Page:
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## Official Guide Explanation:Problem Solving #176

Background

This is just one of hundreds of free explanations I've created to the quantitative questions in The Official Guide for GMAT Review (12th ed.). Click the links on the question number, difficulty level, and categories to find explanations for other problems.

These are the same explanations that are featured in my "Guides to the Official Guide" PDF booklets. However, because of the limitations of HTML and cross-browser compatibility, some mathematical concepts, such as fractions and roots, do not display as clearly online.

Question: 176
Page: 177
Difficulty: 5 (Moderate)
Category 1: Algebra > Equations >
Category 2: Algebra > Linear Equations-One Unk >
Category 3: Arithmetic > Fractions >

Explanation: In the first two roman numerals, you can ignore the constants: regardless of what happens to x, -5 and 1 won't change. So, I increases: as x gets larger, so does 2x. II is tricker. As x gets bigger, (1/(x)) gets smaller, but as (1/(x)) gets smaller, -(1/(x)) gets bigger, so II increases. III is also somewhat involved, but we don't have to do it: if I and II increase, the only possible answer choice is (C).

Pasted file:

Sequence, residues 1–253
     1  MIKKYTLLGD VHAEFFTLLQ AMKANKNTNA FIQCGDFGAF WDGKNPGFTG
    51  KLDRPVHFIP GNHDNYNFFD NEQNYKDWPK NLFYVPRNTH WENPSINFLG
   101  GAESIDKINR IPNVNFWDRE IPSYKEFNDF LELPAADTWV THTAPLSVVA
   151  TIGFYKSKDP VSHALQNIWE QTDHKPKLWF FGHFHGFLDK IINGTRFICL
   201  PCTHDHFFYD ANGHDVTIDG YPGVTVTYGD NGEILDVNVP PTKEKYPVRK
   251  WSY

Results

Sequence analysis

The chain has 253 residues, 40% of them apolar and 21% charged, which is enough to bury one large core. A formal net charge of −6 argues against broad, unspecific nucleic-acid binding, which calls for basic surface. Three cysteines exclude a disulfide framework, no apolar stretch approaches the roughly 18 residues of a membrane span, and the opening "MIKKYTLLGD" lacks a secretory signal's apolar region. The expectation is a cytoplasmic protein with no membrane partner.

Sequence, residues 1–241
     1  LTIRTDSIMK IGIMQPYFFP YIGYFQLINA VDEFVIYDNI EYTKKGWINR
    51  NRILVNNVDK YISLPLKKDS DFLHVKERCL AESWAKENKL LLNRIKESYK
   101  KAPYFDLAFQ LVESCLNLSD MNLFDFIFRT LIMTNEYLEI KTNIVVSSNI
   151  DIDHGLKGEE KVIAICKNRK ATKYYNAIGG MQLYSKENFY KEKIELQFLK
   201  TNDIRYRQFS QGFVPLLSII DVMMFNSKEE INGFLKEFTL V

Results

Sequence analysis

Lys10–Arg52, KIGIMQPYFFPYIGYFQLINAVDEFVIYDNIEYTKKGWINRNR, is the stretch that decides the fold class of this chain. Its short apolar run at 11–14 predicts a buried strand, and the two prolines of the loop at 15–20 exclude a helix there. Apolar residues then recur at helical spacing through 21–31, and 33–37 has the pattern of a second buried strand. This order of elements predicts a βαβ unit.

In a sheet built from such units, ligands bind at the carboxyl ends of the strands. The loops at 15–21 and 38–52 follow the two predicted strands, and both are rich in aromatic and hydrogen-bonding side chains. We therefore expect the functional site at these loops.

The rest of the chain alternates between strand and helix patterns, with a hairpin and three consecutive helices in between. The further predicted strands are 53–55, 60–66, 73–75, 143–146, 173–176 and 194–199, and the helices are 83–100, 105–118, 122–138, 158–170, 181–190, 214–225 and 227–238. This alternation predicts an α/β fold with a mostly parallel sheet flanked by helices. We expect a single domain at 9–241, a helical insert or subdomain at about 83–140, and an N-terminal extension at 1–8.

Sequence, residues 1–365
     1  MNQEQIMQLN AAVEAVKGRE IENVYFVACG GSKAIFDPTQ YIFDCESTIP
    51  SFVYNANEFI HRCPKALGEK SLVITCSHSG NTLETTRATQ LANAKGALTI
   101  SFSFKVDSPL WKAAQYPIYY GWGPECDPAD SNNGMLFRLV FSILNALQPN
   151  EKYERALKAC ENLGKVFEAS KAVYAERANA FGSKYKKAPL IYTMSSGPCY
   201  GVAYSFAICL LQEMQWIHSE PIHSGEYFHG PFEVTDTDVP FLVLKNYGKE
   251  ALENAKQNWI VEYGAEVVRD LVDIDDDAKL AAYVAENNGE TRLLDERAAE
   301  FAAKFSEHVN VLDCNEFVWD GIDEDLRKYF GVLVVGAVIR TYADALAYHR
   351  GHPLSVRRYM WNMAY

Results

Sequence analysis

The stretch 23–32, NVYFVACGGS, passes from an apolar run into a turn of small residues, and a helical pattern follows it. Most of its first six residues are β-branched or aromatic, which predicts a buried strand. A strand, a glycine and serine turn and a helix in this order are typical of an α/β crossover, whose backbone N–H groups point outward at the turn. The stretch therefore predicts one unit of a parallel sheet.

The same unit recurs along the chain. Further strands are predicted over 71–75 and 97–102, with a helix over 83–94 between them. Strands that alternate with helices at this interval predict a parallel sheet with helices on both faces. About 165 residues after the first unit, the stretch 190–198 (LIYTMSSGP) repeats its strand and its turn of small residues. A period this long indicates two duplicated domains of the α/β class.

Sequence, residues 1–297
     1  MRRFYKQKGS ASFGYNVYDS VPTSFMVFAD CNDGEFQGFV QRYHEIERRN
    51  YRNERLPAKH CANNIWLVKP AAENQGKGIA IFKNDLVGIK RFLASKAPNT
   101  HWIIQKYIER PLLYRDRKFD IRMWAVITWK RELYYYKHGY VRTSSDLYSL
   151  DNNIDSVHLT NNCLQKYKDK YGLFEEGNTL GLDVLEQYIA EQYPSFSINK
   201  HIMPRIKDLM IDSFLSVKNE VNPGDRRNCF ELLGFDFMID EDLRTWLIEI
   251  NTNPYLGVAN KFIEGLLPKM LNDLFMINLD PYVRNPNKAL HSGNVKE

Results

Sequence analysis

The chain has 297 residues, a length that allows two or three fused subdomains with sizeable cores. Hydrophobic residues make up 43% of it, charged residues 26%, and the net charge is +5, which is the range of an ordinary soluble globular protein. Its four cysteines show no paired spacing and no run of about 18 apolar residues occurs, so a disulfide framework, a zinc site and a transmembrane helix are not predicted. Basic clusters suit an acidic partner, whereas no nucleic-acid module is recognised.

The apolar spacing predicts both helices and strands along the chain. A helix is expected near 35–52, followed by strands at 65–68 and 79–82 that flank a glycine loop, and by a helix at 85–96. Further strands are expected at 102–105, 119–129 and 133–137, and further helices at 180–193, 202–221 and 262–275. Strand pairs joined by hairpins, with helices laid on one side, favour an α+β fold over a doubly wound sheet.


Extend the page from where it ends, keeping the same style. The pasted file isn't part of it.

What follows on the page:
For the sake of completeness, here's how you can tell that III does not increase. First, forget about the fraction and focus on x2-x. As x increases, x2 increases, while x does not. But x2 increases by a greater amount--1662-1652 is greater than 166 - 165. So, x2-x increases. However, since III is the inverse of that, knowing that x2-x increases tells us that (1/(x2-x)) decreases.

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